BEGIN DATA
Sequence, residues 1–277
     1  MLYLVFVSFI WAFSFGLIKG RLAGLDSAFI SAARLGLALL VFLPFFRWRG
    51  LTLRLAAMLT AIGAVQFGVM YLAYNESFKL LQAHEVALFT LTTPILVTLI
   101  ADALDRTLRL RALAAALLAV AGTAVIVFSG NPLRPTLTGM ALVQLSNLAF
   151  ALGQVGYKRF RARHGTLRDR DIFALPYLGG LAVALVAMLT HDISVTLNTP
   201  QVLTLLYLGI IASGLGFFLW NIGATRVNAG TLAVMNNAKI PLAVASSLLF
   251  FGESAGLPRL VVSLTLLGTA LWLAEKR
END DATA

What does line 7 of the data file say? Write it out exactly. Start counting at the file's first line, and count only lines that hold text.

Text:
   251  FGESAGLPRL VVSLTLLGTA LWLAEKR